It’s the sort of headline at which many will roll their eyes and dismiss as ludicrous, particularly since the article in reference was written by a semi high-profile Christian. The fact that the writer is a black man, Ben Kinchlow who for years co-hosted the 700 Club with Pat Robertson, should lend credence to the story, but it won’t. It seems today that blacks who don’t subscribe to the victimhood paradigm spoon-fed to the African-American community are immediately labeled “Uncle Toms,” not to be trusted.
For those with a more robust command of U.S. & world history, slavery has always been a subject that goes way beyond race. Today’s din of cries for “social justice” and even “reparations for descendant of black slaves,” the likes of which have been provoked by liberals such as Barack Obama, Jesse Jackson, Al Sharpton, and Jeremiah Wright to point a few well-deserved fingers, is kept going by the misconceptions that slavery was and is an institution created by white devils who torture and oppress hapless blacks and other minorities. Such is not and has never been (exclusively) the case.
Whites and blacks, sticking with the two galvanized races of the issue, have both had a hand in the evil practice of man-stealing, i.e. kidnapping for the purposes of indentured servitude.
Early in the annuls of American history is recorded how black Muslims on the Barbary Coast of Africa earned their place in infamy for attacking American merchant ships and kidnapping seamen to enslave and/or hold them for ransom, spawning the First Barbary War (1801-1805)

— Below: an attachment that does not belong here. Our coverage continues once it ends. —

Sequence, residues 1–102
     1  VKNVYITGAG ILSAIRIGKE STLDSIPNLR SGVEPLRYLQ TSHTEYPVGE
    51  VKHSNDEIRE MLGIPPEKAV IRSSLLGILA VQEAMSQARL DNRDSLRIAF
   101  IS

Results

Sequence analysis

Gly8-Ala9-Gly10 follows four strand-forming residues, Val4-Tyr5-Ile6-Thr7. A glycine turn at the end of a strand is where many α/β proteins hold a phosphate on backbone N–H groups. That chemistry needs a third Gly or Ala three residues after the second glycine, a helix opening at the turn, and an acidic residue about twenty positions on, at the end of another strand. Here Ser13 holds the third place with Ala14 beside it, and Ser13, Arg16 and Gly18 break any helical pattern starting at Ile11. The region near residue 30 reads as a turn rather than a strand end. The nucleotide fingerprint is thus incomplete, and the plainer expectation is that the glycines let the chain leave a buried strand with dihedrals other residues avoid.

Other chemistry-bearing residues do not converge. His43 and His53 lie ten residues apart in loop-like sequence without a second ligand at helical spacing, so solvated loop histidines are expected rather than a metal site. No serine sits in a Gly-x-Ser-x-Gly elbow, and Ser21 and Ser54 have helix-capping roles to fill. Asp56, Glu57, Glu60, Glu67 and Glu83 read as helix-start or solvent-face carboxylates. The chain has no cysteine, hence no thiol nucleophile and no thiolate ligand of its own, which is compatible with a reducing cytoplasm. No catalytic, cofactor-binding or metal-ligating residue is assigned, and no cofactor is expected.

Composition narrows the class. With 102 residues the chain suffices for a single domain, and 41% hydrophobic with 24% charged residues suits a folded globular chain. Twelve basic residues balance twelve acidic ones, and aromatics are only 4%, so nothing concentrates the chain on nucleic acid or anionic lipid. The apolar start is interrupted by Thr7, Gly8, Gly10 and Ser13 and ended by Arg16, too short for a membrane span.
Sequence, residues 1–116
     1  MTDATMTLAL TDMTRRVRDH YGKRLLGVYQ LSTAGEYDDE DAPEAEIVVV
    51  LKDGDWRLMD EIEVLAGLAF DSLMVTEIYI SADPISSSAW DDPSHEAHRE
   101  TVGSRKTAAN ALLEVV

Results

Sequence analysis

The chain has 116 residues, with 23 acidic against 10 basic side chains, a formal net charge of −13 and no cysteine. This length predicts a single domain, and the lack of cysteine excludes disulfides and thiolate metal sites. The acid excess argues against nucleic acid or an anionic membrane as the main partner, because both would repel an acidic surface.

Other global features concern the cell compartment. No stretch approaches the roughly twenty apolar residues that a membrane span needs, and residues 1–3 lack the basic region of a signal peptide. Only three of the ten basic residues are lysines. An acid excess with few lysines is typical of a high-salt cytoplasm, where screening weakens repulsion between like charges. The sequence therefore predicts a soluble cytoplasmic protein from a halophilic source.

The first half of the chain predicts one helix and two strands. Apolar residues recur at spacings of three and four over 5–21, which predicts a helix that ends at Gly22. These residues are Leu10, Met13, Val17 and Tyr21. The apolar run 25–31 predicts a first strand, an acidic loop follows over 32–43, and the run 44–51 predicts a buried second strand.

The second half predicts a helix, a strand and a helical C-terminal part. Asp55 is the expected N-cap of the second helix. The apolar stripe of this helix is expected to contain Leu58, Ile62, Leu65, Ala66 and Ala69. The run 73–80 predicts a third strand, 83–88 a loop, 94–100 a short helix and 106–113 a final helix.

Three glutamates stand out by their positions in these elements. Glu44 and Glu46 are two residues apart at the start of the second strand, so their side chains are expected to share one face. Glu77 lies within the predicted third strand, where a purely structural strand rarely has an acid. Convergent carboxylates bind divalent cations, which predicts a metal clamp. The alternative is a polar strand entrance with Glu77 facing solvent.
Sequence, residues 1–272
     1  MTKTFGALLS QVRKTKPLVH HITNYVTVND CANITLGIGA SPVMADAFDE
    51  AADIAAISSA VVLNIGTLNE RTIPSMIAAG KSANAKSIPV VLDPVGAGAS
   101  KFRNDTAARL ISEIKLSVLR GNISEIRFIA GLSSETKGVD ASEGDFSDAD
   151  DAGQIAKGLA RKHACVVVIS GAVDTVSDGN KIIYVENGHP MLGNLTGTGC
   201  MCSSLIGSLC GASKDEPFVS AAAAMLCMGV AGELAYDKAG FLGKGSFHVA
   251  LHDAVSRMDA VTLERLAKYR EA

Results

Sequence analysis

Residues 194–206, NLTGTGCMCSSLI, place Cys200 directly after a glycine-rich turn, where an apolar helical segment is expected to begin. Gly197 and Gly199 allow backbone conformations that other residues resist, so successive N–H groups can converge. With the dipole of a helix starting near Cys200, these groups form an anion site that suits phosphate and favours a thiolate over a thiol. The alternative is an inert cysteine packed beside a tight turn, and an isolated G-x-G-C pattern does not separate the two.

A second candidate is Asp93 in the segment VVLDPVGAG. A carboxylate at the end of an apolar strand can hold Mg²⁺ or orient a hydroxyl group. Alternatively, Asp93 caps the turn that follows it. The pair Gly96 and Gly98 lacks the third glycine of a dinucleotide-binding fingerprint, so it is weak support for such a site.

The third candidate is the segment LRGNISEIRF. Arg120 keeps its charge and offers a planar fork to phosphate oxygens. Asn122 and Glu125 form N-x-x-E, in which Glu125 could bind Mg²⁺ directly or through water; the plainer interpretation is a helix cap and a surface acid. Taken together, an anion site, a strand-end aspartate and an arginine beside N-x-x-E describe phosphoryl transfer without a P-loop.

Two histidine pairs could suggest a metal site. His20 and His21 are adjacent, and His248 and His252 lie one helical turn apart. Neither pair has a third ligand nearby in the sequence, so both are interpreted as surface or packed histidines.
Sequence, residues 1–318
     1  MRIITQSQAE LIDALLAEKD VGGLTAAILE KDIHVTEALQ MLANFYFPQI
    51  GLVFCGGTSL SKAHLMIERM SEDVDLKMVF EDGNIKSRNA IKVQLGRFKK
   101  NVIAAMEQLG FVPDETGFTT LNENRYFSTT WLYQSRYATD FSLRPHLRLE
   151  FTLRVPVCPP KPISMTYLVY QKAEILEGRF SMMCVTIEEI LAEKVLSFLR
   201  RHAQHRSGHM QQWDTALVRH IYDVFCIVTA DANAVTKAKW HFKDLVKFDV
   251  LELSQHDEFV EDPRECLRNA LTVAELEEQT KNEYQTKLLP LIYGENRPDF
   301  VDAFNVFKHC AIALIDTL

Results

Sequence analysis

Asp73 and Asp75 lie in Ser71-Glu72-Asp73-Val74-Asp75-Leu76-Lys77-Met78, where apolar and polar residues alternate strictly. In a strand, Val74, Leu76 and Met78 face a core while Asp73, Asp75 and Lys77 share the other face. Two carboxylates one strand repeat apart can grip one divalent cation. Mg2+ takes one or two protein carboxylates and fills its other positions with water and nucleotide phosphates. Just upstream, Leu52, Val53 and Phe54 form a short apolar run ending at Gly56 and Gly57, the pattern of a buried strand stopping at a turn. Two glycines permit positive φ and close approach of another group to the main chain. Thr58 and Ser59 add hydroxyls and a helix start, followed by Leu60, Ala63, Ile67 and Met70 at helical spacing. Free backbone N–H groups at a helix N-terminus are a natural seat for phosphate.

African tribesmen are also well known for enslaving fellow tribes on their own continent and even selling their enslaved captives to traders who supplied the west with their “product.”
According to the World News Daily column by Mr. Kinchlow, assuming it is reliable, it would seem that a black man played a large part in establishing the American system of early colonial slavery. Briefly and without muddling through all the legalese, Mr. Kinchlow asserts that a black man named Anthony Johnson, with shrewd manipulation of a court in Northampton, Virginia was able to convince the judge to grant him “ownership” of another black named John Casor in March of the year 1654.
This is apparently the first legal sanction of slavery (not for a crime) in the New World. Johnson – who had himself been captured in Angola and brought to America as an indentured servant – was a black man. From evidence found in the earliest legal documents, Anthony Johnson must be recognized as the nation’s first official legal slaveholder. The father of legalized slavery in America was a black man. Do we celebrate that as part of Black History Month?
Mr. Kinchlow’s research appears thorough and the references can be supported by doing some searching on one’s own.